How to Talk to Your Kids about Christmas

 
 

How to Talk to Your Kids about Christmas
Paul Thigpen

© 1997 by Paul Thigpen

Christmas was coming, so the first-grade CCD class was asked to draw pictures of Mary, Joseph and baby Jesus. One little boy proudly displayed his masterpiece of the Holy Family — riding in a jet. In the cockpit was another figure.

"Who's that flying the plane?" asked the teacher.

"You know," said the young artist, wondering how she could be so dense. "That's Pontius the Pilot."

Who can blame kids if they get the details of the Christmas story a little confused? After all, our contemporary holiday celebration is a crazy mix of manger scenes and Santa Claus, Advent wreaths and tinsled trees, "Gloria in excelsis Deo" and "Fa-la-la-la-la."

Even so, Christmas is a prime time for talking to our kids about the wonderful mystery of the Christian faith. The signs of the season are sure to stir their curiosity, and surprisingly profound conversations can follow an innocent question like "Daddy, who was Round John Virgin?" Consider these tips for helping kids make sense of the celebration:

Start at the manger. Christ is the heart of the holiday, so what better place to begin than the scene in the stable? Tell your children that we don't know exactly what day of the year Jesus was born on, but December 25th has been chosen as the day for having a birthday party for Him. All kids can relate to birthday parties; in our home, we make the point by lighting candles on a cake on Christmas morning, then singing "Happy Birthday" to Jesus. (For fun, my daughter always raises the issue of how many candles we should use — maybe 1,994 this year?)

We also talk with our children about Jesus' family relationships — that Mary is His mother, but God is His Father, and God gave Joseph to Jesus to care for Him like a father. Of course, the wonder of the Virgin Birth is a topic we only tackle after our children have learned about where babies come from. Even then, we emphasize that how the event took place is beyond human understanding, but we can know for sure that Jesus is God's Son in a way that no one else could ever be.

We talk especially about why Jesus was born. God the Father sent Him to earth because we needed someone to save us from the mess we've made of our world. His coming was a great sacrifice: In heaven He had no needs, no hurts, no enemies. But when He came to earth, He gave up His perfect happiness to suffer all these things just as we do.

Though He's the king of heaven, He was born a homeless child in a barn. Though He created sunshine and bubbling springs and all growing things, He learned how it feels to be cold and thirsty and hungry. Though He commanded an army of angels, He became weak and helpless in His Mother's arms. And He did all that so that He could be one of us — because if He became like us, we could one day become like Him.

No wonder the angels shouted on the night He was born! Christmas is our way of celebrating that God came to be with us and will always be with us — that's what the Christmas word "Emmanuel" means.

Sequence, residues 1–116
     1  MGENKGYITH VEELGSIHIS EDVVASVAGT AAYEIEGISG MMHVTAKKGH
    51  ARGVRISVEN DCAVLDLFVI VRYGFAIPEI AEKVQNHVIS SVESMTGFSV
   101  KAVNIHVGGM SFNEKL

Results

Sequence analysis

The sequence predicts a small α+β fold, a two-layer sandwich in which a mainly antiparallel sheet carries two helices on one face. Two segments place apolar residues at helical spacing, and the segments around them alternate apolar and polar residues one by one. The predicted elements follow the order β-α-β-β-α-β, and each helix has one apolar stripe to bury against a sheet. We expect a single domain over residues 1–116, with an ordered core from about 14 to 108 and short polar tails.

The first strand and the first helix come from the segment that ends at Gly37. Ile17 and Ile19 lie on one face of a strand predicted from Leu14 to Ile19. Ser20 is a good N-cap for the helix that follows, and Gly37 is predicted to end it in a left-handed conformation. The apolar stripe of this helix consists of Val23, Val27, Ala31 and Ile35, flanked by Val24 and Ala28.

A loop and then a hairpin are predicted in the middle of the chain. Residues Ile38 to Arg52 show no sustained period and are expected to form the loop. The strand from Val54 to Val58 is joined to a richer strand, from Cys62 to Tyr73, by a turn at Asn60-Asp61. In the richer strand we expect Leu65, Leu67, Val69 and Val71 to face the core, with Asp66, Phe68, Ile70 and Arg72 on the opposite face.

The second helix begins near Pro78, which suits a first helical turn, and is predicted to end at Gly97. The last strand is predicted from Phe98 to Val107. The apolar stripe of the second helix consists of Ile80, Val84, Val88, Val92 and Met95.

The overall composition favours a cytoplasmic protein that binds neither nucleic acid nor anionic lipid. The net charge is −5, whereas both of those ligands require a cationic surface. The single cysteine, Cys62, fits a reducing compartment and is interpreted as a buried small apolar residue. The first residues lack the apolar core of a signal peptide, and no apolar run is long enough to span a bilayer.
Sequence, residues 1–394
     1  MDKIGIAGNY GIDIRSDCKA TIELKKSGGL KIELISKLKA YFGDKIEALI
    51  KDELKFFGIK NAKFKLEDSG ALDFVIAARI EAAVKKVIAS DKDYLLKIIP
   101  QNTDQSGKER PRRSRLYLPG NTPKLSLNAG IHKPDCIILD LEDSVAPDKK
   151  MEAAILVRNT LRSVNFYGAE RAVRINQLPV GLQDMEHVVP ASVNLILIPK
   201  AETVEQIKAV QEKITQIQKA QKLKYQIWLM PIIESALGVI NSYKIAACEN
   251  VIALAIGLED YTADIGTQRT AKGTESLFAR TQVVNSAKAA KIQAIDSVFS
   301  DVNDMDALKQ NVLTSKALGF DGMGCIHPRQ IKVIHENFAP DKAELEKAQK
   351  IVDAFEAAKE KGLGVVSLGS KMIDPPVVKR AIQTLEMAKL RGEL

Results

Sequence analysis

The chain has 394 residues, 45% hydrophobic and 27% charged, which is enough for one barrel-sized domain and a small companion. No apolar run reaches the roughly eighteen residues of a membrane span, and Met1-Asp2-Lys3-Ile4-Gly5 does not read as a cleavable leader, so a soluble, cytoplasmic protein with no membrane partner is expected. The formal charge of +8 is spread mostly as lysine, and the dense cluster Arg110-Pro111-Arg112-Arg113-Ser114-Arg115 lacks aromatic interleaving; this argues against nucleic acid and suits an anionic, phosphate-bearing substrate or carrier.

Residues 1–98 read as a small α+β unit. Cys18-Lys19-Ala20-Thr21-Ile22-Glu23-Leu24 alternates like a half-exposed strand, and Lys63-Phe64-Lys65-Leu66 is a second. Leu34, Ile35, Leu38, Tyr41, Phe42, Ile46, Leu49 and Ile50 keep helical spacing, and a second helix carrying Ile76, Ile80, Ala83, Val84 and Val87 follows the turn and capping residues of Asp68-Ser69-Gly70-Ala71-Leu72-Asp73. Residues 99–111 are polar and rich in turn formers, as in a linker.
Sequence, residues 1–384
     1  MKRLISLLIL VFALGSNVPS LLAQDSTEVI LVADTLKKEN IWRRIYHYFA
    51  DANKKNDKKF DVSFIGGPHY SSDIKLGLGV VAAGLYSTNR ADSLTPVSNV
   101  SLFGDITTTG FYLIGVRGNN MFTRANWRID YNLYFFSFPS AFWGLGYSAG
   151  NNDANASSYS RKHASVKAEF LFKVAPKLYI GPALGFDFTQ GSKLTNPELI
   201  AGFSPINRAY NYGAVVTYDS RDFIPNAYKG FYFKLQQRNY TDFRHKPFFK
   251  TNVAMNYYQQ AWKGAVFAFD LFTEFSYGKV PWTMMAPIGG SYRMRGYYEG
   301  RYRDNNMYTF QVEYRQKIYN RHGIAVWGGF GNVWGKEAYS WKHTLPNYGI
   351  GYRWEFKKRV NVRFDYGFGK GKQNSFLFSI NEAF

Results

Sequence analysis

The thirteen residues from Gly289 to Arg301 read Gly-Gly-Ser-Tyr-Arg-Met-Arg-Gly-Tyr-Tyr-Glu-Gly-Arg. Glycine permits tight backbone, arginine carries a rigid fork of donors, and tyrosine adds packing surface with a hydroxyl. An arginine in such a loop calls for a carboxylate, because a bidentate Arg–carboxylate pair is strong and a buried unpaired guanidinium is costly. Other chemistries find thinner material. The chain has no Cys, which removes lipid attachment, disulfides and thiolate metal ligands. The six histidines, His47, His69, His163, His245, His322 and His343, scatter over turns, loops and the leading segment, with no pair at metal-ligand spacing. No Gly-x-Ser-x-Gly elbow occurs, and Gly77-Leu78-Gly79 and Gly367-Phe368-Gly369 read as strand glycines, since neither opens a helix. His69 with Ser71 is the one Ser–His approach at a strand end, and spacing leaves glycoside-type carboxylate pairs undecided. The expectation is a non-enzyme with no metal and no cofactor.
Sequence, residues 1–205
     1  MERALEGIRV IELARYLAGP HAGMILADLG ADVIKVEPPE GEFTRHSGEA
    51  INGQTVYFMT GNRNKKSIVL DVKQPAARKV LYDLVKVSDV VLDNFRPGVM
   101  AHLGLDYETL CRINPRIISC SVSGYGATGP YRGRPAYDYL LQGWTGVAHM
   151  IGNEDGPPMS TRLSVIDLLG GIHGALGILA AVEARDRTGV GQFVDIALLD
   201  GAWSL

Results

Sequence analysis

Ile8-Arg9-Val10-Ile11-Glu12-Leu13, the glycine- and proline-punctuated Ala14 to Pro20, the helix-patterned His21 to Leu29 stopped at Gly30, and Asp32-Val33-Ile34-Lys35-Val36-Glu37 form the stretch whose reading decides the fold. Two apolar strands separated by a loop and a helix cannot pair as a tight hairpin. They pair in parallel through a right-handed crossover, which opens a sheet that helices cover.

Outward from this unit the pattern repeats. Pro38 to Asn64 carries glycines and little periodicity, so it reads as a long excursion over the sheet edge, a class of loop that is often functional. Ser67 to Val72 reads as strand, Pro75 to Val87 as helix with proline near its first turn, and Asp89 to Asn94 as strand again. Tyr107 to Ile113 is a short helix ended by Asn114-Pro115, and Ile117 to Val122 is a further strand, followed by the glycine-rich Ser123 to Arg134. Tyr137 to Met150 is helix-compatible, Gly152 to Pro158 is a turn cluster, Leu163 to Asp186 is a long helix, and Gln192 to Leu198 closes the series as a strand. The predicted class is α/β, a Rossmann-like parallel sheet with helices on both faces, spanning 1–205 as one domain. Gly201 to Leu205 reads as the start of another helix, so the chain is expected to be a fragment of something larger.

Explore the meanings of familiar Christmas symbols. When we see the Advent wreath at church, we remind our kids that just as evergreen needles stay green all year round, even when other leaves die, God's love for us is always fresh and alive, even when other loves fail. We tell them that the candles are a picture of Christ, who brings light into our darkness by showing us the right way to live. The greenery and colored lights of Christmas trees serve the same purpose.

When we give one another gifts, we talk about how we're following the example of the Wise Men, who gave the Christ Child presents. And we note how gracious Jesus is to let us receive gifts on His birthday!

Many other Christmas symbols are easily explained: stars represent the star over Bethlehem; bells ring out joy; angels are heralds of Jesus' birth; wreaths are a circle with no beginning or end, just like God's love.

Tell them about the real St. Nicholas. The debate goes on: Is Santa Claus a bit of harmless fun, or a lie that turns kids' attention away from Jesus? What should we tell our youngsters about St. Nick?

Why not tell them the truth? I don't mean a somber lecture about how reindeer can't really fly. I mean the story of the real, historical St. Nicholas — a man whose life pointed beautifully to Jesus.

Born in Asia Minor more than sixteen centuries ago, Nicholas was a bishop who gave his life to serve others. He worked miracles and brought many people to faith in Christ. He also shared his wealth with the poor and took special care of children.

We don't know much more for sure than that, though legends abound. But this much is certain: St. Nicholas shone so brightly with the love of Jesus that the Church has never been able to forget him.

Over the years, some Christians honored him by dressing up like him and giving children gifts. As his fame spread across many countries, his costume and his name took many forms. The Dutch called him "Santa Claus" and introduced him to America. In our country, the red suit, sleigh and reindeer were added to his portrait.

Whatever we may think of these more recent notions of St. Nicholas, they shouldn't keep us from telling our children the truth about a great servant of God. If we share with them the story of the real St. Nicholas, we won't be turning their attention away from Jesus. Instead, we'll be showing them how the Child of the manger can shine even now through a heart that's devoted to Him.

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